Thursday, December 27, 2012

NEW poem- "bright star"

This poem is a Christmas poem, after the style of "little tree" by e. e. cummings. Jesus is like a bright star at the top of a tree (the cross,) like "illuminated leaf," or spiritual manuscripts in an ancient book-  atop a tree that is heavy with dusty chains (the filth of our sins,) surrounded by broken ornaments (the mistakes we commit throughout the year.) God willing, this new year will be a second chance.

Oh, and the poem is in the half-shape of the star of David, not just any star... Christmas is about one specific Personage. So yeah. Enjoy. :)

bright star

after e e cummings

          gloom of a December night, who plucked
             you out of the
                                                    somber sea
                           of this year’s broken
     in the cold peppermint frost
          of this
     a tree

Saturday, December 15, 2012

Flash Fiction: "Fortune Cookies"

Haven't posted stuff on this blog in forever! Wrote a new short story/flash fiction piece called "Fortune Cookies," partly inspired by "House on Mango Street," partly inspired by those hole-in-the-wall Chinese restaurants every Asian kid is familiar with, partly inspired by Lana del Rey, partly inspired by Hollywood and Woodland Hills and Malibu. Weird amalgamation, but stick with me here.

Fortune Cookies

She comes every night for fortune cookies.

Of course she comes for something else too— hot tea, wontons, and green tea ice cream— but all of us waiters know it’s mainly for the fortune cookies.

Lana. A slender girl in her twenties who makes a pilgrimage to our restaurant every night. She sings in the bar around the corner, scraping the tips jar empty for rent. I’ve heard the stories. They’re all different. A rich lover and a house in Malibu where you can see sunsets drain over coves and canyons. Then rumpled sheets, a suitcase, and an apartment on Xpello Street that looked like a ragged cigarette on a highway. And if that isn’t romantic enough for you, Lana can be a foreign princess escaped from a war-ravished country. Or she can be disowned by the proud family that lives in the mansion on Forest Avenue. Sometimes I drive by that Victorian castle and see the family’s enormous dark eyes, exactly like Lana’s two inkwells of sorrow. But I don’t know if I believe that story.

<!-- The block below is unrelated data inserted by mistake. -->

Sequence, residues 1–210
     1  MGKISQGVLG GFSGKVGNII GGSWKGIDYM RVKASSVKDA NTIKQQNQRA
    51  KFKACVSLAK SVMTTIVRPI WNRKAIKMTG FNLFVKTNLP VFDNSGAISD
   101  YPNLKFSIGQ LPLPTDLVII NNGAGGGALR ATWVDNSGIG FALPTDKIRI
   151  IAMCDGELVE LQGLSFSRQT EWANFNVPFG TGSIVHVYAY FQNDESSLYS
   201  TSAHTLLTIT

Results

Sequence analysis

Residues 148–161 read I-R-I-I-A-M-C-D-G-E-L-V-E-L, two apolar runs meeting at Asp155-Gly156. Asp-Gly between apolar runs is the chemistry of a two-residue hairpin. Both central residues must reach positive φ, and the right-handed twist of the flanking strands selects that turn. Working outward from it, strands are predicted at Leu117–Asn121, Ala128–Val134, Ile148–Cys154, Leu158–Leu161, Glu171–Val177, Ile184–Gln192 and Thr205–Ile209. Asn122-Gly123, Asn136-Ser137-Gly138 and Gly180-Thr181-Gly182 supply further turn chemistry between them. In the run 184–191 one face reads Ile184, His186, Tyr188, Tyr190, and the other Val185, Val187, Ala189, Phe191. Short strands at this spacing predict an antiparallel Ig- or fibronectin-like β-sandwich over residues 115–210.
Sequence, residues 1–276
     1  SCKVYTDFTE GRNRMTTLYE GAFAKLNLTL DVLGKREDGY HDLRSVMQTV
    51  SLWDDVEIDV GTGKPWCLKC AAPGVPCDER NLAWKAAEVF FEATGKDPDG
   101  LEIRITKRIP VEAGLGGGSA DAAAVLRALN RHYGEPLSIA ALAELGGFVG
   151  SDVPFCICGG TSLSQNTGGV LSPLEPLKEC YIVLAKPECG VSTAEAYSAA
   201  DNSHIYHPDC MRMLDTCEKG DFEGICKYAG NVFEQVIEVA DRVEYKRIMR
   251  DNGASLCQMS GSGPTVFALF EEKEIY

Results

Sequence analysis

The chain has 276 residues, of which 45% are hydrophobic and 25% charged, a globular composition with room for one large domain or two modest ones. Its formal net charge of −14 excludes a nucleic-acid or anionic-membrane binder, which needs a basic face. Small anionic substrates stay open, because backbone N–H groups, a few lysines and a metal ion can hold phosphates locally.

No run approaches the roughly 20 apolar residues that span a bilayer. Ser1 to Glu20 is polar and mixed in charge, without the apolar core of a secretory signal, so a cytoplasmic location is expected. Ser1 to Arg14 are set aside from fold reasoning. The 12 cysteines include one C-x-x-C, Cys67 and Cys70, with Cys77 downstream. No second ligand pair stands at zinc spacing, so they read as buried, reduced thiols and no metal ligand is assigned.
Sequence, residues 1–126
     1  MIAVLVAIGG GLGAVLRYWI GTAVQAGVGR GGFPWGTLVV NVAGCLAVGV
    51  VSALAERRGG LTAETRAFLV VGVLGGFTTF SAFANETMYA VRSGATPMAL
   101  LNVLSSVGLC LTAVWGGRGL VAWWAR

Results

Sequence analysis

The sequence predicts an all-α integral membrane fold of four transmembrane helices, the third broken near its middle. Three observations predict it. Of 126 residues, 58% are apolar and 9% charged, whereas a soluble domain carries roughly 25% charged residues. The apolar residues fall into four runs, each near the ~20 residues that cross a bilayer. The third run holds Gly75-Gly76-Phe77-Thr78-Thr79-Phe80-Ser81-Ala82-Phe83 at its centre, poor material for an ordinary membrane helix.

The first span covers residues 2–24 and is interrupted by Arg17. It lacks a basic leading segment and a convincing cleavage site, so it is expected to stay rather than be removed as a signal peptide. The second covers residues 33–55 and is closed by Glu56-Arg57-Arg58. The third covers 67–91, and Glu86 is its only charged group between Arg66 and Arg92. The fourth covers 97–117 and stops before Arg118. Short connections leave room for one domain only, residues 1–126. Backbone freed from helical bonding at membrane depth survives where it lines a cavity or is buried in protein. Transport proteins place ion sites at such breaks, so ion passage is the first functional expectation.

She comes to our restaurant at nine p.m. every night, just as the last batch of tea is brewing. She sits in the corner booth, long waves of cappuccino hair falling over the menu, even though we all know what she’ll order. She’ll flip open her phone, and when I write down her order, I can see her staring intently at her messages. I remember being a teenage girl in shorts and cheap pink lipstick, staring at the emails on my computer screen, everything hanging by a silver chain, grainy pixels, a boy’s fingertips. But maybe Lana wasn’t just waiting for a boy. The fathomless melancholy welling whispers at something more. Maybe it was that one person you meet who makes your body tingle electric. Or maybe it was tortured courtiers in some distant desert palace, or a father with eyes of steel.

Anyway, she comes in every night, studies her phone, selects a fortune cookie. She stares at it with those abyssal eyes. Searching for something.

“Your true love will show himself to you under the moonlight.”
“A clean conscience is a soft pillow.”
“You will soon receive a gift.” “
Whenever possible, keep it simple.”
“Your dearest wish will come true.”

Words of tinsel exotica, like the Zen songs she sings at the bar, like her cloud of rumors and mystery, slightly tinged with passion fruit. She will read the message sent from the carnival-game of Fate, give me a smile with her sad dark eyes, and leave.